We are independent & ad-supported. We may earn a commission for purchases made through our links.
Advertiser Disclosure
Our website is an independent, advertising-supported platform. We provide our content free of charge to our readers, and to keep it that way, we rely on revenue generated through advertisements and affiliate partnerships. This means that when you click on certain links on our site and make a purchase, we may earn a commission. Learn more.
How We Make Money
We sustain our operations through affiliate commissions and advertising. If you click on an affiliate link and make a purchase, we may receive a commission from the merchant at no additional cost to you. We also display advertisements on our website, which help generate revenue to support our work and keep our content free for readers. Our editorial team operates independently of our advertising and affiliate partnerships to ensure that our content remains unbiased and focused on providing you with the best information and recommendations based on thorough research and honest evaluations. To remain transparent, we’ve provided a list of our current affiliate partners here.

What is the Bird Called a Kite?

Mary McMahon
By
Updated Jun 04, 2024
Our promise to you
All Things Nature is dedicated to creating trustworthy, high-quality content that always prioritizes transparency, integrity, and inclusivity above all else. Our ensure that our content creation and review process includes rigorous fact-checking, evidence-based, and continual updates to ensure accuracy and reliability.

Our Promise to you

Founded in 2002, our company has been a trusted resource for readers seeking informative and engaging content. Our dedication to quality remains unwavering—and will never change. We follow a strict editorial policy, ensuring that our content is authored by highly qualified professionals and edited by subject matter experts. This guarantees that everything we publish is objective, accurate, and trustworthy.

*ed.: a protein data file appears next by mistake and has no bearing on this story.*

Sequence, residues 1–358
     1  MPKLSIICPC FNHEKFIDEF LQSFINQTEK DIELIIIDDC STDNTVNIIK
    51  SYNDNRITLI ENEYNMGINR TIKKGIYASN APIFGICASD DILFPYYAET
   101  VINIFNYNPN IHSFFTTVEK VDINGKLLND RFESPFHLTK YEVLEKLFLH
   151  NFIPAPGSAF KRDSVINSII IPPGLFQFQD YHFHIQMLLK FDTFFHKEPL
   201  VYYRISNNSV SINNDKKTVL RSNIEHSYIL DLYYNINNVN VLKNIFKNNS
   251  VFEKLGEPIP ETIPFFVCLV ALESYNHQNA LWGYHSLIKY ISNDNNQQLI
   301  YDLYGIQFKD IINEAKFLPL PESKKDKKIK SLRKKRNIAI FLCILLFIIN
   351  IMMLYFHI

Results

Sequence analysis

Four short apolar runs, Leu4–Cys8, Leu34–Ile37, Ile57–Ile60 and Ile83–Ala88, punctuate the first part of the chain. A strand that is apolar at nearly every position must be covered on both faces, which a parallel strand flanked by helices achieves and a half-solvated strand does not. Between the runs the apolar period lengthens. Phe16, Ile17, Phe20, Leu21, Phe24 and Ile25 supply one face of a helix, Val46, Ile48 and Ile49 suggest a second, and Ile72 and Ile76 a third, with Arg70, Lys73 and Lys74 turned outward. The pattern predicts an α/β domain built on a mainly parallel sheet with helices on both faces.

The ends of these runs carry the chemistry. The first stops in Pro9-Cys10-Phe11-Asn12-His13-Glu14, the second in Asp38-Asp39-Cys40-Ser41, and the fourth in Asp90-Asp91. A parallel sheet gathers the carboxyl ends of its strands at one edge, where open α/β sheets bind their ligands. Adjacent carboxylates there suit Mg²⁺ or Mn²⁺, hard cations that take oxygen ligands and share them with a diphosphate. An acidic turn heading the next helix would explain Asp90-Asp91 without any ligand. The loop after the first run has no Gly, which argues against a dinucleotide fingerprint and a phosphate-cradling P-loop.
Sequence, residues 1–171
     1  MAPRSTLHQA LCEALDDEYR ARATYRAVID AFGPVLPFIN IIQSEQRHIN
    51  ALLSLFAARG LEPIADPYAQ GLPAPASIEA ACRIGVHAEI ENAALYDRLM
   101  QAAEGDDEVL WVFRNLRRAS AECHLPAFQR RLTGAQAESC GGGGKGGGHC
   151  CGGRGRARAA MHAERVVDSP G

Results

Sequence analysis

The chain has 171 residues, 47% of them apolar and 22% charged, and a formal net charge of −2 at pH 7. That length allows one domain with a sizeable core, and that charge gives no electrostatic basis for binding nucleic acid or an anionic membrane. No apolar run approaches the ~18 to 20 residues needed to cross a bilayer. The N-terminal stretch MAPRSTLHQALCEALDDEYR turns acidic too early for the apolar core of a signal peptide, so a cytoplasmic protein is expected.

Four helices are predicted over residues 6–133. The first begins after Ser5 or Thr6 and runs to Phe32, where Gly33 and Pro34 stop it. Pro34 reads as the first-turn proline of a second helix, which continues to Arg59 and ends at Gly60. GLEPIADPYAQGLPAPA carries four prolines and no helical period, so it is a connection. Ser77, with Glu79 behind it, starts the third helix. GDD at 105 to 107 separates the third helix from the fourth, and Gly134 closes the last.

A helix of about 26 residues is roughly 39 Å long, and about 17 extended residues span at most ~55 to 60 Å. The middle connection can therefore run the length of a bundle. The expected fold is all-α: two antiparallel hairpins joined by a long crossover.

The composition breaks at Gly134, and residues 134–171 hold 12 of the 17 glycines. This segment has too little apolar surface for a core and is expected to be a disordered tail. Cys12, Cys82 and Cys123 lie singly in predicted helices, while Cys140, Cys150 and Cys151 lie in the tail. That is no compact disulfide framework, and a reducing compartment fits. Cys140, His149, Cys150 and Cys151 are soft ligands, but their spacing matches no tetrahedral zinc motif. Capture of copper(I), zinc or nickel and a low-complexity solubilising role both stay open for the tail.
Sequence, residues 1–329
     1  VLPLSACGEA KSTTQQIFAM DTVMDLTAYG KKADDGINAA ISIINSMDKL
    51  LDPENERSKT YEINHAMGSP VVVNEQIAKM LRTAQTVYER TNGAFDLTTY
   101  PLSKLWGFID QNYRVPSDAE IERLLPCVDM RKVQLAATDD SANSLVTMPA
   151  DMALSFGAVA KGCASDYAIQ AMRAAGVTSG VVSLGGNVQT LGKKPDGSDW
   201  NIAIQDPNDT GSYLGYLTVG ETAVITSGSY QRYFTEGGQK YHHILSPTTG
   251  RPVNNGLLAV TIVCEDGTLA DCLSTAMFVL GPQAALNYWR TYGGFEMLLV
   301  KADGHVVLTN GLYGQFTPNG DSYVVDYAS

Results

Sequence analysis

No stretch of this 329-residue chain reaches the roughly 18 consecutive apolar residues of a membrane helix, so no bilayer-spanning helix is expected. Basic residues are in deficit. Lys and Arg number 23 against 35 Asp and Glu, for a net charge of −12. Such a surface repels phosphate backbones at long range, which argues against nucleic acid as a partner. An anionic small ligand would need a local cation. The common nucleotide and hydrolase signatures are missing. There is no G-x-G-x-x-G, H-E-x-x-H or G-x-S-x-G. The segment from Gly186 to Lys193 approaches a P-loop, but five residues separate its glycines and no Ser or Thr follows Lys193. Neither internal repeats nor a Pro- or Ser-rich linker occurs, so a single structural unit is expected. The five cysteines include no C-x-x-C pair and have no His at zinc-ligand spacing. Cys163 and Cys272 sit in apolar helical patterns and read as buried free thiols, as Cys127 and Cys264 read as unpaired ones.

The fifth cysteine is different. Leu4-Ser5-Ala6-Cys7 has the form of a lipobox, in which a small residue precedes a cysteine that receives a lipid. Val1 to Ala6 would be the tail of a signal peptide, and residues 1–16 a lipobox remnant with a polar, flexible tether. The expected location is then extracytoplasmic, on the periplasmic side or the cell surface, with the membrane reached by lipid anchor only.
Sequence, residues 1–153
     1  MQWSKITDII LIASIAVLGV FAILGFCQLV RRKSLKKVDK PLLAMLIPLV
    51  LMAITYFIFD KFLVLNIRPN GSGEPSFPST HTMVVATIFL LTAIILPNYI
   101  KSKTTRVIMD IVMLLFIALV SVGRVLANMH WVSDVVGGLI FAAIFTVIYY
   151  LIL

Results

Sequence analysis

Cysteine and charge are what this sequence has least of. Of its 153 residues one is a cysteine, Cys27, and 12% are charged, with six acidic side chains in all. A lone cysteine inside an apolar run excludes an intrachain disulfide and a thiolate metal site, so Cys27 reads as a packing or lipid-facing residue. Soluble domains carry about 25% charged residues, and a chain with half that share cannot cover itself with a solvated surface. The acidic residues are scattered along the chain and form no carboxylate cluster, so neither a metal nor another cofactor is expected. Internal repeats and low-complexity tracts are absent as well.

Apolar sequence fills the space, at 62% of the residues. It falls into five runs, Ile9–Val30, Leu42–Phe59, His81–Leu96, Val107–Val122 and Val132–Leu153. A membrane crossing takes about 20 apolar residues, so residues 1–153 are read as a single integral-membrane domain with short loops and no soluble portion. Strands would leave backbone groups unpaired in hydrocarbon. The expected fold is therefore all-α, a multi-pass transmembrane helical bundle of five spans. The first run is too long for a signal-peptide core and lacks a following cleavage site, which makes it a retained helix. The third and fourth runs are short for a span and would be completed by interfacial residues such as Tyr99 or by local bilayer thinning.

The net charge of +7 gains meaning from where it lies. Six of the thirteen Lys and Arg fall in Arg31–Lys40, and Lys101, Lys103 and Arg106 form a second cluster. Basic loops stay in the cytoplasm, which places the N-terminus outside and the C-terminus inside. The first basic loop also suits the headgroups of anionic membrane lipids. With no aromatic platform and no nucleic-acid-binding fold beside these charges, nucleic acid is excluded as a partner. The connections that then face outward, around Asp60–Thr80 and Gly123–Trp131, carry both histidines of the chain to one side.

Over the years, we've refined our approach to cover a wide range of topics, providing readers with reliable and practical advice to enhance their knowledge and skills. That's why millions of readers turn to us each year. Join us in celebrating the joy of learning, guided by standards you can trust.

Editorial Standards

At All Things Nature, we are committed to creating content that you can trust. Our editorial process is designed to ensure that every piece of content we publish is accurate, reliable, and informative.

Our team of experienced writers and editors follows a strict set of guidelines to ensure the highest quality content. We conduct thorough research, fact-check all information, and rely on credible sources to back up our claims. Our content is reviewed by subject-matter experts to ensure accuracy and clarity.

We believe in transparency and maintain editorial independence from our advertisers. Our team does not receive direct compensation from advertisers, allowing us to create unbiased content that prioritizes your interests.

A kite is a raptor in the family Accipitridae, along with hawks, eagles, and other birds of prey. The graceful soaring look of a kite in flight is said to be quite stunning to look at; the man-made flying objects known as kites take their names from this bird. Kites can be found on most continents, with three subfamilies representing an array of species. In addition to being seen in the wild, kites can also be seen in aviaries at major zoos; some zoos even offer a bird of prey visiting hour for people who want to interact more personally with these birds.